Satellite observations show no net change in the percentage of supraglacial debris-covered area in northern Pakistan from 1977 to 2014


Spatial evolution of supraglacial debris cover on mountain glaciers is a largely unmonitored and poorly understood phenomenon that directly affects glacier melt. Supraglacial debris cover for 93 glaciers in the Karakoram, northern Pakistan, was mapped from Landsat imagery acquired in 1977, 1998, 2009 and 2014. Surge-type glaciers occupy 41% of the study area and were considered separately. The time series of debris-covered surface area change shows a mean value of zero or near-zero change for both surging and non-surging glaciers. An increase in debris-covered area is often associated with negative regional mass balances. We extend this logic to suggest that the stable regional mass balances in the Karakoram explain the zero or near-zero change in debris-covered area. This coupling of trends combined with our 37 year time series of data suggests the Karakoram anomaly extends further back in time than previously known.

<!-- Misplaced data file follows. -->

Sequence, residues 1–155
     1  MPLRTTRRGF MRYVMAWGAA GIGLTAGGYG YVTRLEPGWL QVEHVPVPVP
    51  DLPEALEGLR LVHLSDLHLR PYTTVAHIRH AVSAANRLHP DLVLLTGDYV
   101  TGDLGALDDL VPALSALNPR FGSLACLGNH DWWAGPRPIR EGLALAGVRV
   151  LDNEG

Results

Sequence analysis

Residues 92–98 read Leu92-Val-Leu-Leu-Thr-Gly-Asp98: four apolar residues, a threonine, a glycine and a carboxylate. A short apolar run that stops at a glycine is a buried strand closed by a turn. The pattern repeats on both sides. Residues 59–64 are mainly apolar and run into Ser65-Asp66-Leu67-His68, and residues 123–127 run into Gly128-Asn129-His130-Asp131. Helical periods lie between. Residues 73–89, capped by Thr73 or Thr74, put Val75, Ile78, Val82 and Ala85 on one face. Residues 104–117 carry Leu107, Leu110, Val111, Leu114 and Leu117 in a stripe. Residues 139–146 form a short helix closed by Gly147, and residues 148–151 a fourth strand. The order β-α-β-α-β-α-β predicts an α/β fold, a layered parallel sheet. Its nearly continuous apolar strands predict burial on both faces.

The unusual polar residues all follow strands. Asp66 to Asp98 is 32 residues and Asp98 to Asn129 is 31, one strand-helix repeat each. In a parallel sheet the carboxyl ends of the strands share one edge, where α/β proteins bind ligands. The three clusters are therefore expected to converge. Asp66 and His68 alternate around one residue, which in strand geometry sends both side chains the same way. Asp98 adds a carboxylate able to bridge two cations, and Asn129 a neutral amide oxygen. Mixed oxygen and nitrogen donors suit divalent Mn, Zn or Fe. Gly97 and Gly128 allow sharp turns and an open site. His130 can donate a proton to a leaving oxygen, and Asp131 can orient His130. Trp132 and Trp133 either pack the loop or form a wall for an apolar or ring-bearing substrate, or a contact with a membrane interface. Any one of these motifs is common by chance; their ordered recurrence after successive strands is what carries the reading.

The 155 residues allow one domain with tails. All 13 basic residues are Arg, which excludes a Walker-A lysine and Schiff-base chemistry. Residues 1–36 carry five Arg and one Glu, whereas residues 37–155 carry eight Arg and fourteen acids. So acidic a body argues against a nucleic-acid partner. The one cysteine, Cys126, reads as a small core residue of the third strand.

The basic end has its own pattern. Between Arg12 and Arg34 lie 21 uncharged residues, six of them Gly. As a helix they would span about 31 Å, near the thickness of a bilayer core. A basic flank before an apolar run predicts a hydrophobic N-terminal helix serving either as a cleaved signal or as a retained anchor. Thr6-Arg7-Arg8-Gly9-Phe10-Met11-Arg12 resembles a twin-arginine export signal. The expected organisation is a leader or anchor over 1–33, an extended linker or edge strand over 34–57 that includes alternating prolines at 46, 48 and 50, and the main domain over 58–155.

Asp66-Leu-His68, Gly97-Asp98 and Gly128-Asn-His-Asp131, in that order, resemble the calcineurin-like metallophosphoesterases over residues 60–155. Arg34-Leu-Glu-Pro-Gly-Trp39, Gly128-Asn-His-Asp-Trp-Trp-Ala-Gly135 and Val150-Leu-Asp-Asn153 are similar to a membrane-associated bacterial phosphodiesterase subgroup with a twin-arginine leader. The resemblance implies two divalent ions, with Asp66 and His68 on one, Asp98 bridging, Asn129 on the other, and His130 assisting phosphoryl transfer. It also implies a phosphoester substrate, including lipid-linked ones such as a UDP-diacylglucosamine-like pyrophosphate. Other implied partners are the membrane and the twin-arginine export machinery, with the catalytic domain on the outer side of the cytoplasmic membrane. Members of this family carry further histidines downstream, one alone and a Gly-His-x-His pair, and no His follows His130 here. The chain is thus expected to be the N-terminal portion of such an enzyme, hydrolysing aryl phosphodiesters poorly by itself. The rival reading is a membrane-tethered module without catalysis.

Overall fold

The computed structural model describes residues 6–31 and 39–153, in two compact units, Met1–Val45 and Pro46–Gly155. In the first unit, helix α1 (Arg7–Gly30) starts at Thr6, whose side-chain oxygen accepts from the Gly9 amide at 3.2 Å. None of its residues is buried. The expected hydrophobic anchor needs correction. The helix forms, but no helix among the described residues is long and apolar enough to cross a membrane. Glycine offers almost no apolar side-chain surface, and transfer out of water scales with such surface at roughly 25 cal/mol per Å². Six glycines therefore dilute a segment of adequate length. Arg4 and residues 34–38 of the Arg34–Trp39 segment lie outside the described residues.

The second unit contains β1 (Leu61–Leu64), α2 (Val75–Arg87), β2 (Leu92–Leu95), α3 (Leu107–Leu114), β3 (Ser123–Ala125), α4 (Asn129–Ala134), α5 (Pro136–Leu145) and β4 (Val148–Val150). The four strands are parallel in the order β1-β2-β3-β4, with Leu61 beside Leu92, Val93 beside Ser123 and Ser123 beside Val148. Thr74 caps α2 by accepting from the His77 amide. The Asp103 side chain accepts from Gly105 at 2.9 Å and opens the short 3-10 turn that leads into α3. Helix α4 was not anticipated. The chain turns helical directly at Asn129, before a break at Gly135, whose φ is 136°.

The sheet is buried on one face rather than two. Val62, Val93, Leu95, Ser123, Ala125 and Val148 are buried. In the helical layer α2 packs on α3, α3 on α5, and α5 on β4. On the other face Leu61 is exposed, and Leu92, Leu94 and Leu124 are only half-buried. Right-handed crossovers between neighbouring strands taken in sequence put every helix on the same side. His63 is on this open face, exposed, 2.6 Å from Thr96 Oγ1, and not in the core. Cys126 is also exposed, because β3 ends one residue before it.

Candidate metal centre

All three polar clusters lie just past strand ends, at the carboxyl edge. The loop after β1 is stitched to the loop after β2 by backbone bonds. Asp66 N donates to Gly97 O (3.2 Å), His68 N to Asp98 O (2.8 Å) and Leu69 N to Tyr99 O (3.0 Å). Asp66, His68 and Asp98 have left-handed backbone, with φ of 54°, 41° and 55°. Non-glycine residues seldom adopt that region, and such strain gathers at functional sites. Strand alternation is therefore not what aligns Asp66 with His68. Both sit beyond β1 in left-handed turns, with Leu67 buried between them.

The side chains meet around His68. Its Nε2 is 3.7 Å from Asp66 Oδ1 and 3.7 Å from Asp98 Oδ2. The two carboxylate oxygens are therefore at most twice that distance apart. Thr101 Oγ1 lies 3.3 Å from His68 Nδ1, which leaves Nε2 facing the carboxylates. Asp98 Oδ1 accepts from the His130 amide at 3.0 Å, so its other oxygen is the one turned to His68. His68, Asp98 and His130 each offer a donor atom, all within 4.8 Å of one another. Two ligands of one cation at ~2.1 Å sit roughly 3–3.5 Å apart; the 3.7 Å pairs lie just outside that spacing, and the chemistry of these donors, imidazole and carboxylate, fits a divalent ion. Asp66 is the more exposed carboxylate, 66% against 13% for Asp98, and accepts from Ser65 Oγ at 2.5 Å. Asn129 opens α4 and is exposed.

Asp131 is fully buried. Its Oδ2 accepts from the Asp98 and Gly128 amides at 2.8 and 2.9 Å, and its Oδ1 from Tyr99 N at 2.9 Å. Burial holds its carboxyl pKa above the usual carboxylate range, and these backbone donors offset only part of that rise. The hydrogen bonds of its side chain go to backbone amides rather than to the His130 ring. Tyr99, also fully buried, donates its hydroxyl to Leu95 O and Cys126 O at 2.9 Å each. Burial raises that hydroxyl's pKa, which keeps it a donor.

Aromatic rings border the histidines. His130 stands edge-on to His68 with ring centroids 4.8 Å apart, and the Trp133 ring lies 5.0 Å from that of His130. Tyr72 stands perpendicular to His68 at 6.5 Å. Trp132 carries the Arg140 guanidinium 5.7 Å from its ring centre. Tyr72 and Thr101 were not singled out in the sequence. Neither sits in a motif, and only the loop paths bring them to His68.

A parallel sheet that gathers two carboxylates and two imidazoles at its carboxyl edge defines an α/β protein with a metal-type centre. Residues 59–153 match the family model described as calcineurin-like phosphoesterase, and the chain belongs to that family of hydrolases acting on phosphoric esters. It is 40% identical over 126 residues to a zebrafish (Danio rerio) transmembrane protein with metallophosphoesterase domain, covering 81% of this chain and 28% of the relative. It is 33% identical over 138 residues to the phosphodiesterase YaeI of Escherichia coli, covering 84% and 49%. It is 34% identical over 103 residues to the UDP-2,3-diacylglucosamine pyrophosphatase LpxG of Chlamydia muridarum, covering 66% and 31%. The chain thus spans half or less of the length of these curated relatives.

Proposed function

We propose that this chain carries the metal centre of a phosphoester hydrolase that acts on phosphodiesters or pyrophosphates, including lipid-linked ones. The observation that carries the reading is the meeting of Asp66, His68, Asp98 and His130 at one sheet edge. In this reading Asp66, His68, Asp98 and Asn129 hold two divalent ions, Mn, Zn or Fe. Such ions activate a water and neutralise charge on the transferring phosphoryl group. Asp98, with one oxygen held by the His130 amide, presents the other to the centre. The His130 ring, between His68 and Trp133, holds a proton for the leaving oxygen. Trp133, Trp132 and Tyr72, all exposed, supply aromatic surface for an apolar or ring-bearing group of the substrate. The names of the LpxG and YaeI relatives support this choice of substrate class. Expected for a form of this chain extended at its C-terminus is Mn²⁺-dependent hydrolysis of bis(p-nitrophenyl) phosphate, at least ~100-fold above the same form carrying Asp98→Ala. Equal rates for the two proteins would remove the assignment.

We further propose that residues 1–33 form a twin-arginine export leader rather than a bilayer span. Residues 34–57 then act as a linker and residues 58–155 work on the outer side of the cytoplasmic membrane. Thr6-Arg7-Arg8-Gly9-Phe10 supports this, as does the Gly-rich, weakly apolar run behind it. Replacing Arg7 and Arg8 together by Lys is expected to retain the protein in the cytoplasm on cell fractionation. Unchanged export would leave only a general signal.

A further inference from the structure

In Journal of Glaciology
Sam Herreid
Sam Herreid
glaciologist, runner, musician, writer

My research interests include rock debris on glaciers, advancing regional to global scale glacier modeling and restructuring the financing of climate science.